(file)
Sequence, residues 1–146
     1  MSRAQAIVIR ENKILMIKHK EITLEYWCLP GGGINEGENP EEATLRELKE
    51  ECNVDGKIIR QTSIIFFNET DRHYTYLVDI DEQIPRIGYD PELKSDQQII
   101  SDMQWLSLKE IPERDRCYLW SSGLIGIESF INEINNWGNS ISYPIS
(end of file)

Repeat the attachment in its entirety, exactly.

Sequence, residues 1–146
     1  MSRAQAIVIR ENKILMIKHK EITLEYWCLP GGGINEGENP EEATLRELKE
    51  ECNVDGKIIR QTSIIFFNET DRHYTYLVDI DEQIPRIGYD PELKSDQQII
   101  SDMQWLSLKE IPERDRCYLW SSGLIGIESF INEINNWGNS ISYPIS